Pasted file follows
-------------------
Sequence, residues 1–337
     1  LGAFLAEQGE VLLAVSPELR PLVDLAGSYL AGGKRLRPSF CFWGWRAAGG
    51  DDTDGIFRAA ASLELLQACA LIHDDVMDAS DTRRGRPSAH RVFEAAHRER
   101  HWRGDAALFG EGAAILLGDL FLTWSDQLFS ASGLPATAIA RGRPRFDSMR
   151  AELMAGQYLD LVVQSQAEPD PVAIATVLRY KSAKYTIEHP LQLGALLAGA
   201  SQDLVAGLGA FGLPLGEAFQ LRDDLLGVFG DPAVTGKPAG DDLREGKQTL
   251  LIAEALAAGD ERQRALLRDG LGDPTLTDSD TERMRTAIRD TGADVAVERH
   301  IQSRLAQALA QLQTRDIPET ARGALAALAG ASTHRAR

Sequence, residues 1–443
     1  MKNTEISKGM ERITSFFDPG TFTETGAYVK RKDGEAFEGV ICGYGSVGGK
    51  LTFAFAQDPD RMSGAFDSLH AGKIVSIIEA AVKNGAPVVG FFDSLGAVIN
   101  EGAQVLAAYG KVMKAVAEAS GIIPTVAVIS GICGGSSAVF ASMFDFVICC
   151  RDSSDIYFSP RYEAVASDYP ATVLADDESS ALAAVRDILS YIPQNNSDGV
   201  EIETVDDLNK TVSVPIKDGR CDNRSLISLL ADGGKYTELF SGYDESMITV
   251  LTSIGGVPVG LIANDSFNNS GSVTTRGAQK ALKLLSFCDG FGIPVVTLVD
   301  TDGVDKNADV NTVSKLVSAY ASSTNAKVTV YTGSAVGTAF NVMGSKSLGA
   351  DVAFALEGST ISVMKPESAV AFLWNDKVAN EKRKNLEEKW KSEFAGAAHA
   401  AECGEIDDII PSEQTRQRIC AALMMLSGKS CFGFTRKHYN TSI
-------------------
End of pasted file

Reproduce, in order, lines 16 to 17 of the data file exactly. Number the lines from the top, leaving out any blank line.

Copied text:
   301  TDGVDKNADV NTVSKLVSAY ASSTNAKVTV YTGSAVGTAF NVMGSKSLGA
   351  DVAFALEGST ISVMKPESAV AFLWNDKVAN EKRKNLEEKW KSEFAGAAHA